Solite Day 10

We had a more productive day today and found several insects, including the one shown above. I’d like to have a better picture, but that will have to wait for a microscope photo; this is the best my hand-held camera can do with a 1 mm insect in the field. Below are two waterbug nymphs (the one on the right includes only the posterior portion):

We also found several Tanytrachelos today, including this nice example that Brett found:

Unfortunately, this specimen is missing the head, but the feet are well preserved. The back legs are somewhat oddly preserved, with one leg tucked under the body so that both feet are on the same side of the vertebral column (the arrows are pointing to the back feet):

This tany also has an exquisite front foot, with all five fingers including the terminal claws:

The weather is supposed to turn bad tomorrow, so this may be our last day at Solite this week (Tuesday was supposed to be our last day). In anticipation of the rain, we removed a large amount of the insect bed to bring back to the museum for later examination.

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3 Responses to Solite Day 10

  1. Brian Beatty says:

    The number of specimens of Tanytrachelos is really great. It would be interesting to do a study of intraspecific variation or ontogeny in them. If it were done in concert with studies of modern taxa that form a phylogenetic bracket of it, it may illuminate some interesting polymorphism or ontogenetic shifts, and their evolutionary timing. Would there be a student at the VMNH interested in that sort of thing?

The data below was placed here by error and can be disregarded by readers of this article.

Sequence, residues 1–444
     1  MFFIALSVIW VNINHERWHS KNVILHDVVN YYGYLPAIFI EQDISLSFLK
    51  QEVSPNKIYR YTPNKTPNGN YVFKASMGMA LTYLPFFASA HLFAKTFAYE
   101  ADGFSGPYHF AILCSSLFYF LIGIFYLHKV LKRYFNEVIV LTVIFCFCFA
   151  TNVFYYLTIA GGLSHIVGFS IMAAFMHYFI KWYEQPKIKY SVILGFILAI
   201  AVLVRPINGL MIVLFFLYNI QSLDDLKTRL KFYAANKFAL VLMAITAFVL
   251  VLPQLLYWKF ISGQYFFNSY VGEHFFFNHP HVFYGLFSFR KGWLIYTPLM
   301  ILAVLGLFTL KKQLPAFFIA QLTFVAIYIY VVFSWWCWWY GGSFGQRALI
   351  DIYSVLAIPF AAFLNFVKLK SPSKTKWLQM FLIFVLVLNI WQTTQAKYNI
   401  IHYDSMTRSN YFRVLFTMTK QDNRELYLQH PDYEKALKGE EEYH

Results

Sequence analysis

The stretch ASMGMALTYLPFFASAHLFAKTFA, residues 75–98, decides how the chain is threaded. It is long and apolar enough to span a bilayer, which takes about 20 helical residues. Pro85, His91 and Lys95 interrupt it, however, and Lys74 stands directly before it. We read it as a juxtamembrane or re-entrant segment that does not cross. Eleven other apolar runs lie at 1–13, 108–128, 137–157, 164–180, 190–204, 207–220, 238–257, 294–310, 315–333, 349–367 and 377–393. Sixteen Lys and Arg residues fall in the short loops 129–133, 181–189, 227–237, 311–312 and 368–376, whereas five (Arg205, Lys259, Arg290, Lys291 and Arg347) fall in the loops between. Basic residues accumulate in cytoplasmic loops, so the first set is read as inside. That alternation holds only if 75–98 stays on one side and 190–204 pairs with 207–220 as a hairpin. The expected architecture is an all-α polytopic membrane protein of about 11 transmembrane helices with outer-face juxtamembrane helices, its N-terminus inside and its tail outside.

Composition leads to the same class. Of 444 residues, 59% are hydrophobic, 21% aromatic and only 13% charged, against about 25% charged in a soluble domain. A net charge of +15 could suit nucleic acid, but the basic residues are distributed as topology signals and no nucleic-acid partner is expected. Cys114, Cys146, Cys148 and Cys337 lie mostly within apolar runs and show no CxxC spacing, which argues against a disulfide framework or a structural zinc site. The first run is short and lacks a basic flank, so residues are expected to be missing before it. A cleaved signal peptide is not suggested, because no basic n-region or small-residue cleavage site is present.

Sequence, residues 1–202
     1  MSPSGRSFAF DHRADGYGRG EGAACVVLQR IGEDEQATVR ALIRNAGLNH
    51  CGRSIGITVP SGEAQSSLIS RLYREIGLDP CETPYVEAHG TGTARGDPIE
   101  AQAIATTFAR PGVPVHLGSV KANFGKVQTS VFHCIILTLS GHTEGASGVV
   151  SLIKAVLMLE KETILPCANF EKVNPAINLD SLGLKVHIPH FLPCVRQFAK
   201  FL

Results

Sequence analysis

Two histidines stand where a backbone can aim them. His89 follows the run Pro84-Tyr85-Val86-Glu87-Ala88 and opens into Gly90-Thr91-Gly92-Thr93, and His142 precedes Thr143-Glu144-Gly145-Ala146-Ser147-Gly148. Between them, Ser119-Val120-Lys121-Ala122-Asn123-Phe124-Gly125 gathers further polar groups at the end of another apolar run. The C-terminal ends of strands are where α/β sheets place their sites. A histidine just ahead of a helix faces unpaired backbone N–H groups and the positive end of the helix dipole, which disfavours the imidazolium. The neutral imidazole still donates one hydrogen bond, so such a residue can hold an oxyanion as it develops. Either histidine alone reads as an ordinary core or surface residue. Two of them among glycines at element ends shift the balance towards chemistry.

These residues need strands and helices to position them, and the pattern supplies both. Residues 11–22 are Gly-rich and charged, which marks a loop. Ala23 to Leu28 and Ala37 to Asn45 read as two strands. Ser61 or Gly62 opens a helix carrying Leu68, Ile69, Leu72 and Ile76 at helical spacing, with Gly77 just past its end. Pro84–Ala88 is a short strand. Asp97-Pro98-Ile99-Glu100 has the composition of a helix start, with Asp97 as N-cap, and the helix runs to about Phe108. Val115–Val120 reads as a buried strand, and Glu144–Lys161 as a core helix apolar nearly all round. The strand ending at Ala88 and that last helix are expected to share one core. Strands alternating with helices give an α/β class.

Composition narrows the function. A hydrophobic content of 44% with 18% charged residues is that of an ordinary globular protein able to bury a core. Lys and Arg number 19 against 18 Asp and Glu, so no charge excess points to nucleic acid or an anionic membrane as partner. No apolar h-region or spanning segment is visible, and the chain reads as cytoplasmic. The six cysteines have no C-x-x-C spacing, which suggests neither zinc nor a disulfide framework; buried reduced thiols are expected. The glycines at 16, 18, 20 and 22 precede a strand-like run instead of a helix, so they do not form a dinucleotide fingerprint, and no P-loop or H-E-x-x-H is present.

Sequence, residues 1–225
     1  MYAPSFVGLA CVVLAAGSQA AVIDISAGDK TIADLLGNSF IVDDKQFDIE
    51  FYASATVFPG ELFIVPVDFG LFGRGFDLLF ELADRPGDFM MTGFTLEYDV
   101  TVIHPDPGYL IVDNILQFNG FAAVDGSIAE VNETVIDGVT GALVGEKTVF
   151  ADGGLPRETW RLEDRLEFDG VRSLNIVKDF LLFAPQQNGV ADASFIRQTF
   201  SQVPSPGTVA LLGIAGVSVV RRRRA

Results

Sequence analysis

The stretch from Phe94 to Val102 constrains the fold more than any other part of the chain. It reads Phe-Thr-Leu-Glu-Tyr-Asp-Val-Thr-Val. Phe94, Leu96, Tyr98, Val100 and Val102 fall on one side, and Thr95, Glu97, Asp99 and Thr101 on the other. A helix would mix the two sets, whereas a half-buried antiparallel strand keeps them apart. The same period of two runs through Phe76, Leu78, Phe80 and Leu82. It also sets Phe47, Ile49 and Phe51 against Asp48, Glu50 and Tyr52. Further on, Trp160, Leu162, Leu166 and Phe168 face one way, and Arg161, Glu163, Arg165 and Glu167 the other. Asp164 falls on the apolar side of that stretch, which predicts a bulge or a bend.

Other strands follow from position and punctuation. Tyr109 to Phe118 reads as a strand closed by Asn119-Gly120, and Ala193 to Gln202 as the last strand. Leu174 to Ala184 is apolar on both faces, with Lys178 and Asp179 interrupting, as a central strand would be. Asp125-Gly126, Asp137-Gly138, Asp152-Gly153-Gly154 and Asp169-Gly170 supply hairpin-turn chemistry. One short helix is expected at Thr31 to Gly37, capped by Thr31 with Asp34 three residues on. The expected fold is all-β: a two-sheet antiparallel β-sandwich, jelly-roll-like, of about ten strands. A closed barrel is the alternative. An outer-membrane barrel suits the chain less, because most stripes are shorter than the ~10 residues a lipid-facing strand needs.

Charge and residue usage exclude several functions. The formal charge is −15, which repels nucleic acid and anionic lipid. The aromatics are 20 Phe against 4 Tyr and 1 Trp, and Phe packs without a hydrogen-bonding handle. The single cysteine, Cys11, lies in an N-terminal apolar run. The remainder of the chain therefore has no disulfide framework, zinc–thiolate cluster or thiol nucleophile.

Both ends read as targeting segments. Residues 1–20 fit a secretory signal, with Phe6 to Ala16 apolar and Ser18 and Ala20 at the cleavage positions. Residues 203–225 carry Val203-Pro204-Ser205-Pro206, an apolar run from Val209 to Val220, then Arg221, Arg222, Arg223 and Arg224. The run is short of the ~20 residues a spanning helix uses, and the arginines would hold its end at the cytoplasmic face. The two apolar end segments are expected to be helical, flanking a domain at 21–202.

2. Alton Dooley says:

    Ha! Yes, there would be; there’s a student at VA Tech working on a few of those issues. You hit on a lot of the interesting potential studies that could be done with Tanytrachelos, especially considering that it’s the ONLY protorosaur with a large potential population to study.

    Most of the tanys we’ve collected come from just 2 cycles in the quarry; with further collecting there’s also the potential to look at evolutionary changes over a period of 200,000-500,000 years in a single basin. That’s not something we can often do with stuff as old as the Triassic (at least not with vertebrates).

    We already suspect the tanys are sexually dimorphic; we haven’t even really started to speculate much about ontogenetic variation, but the potential is definitely there.

  3. Alton Dooley says:

    Nick, Andy, and David headed back to Scotland today, so we’ve pretty much wrapped up this Solite excavation. It was pretty productive; we recovered probably 30 Tanytrachelos, and Andy tells me we found about 50 insects (including isolated wings and other bits).

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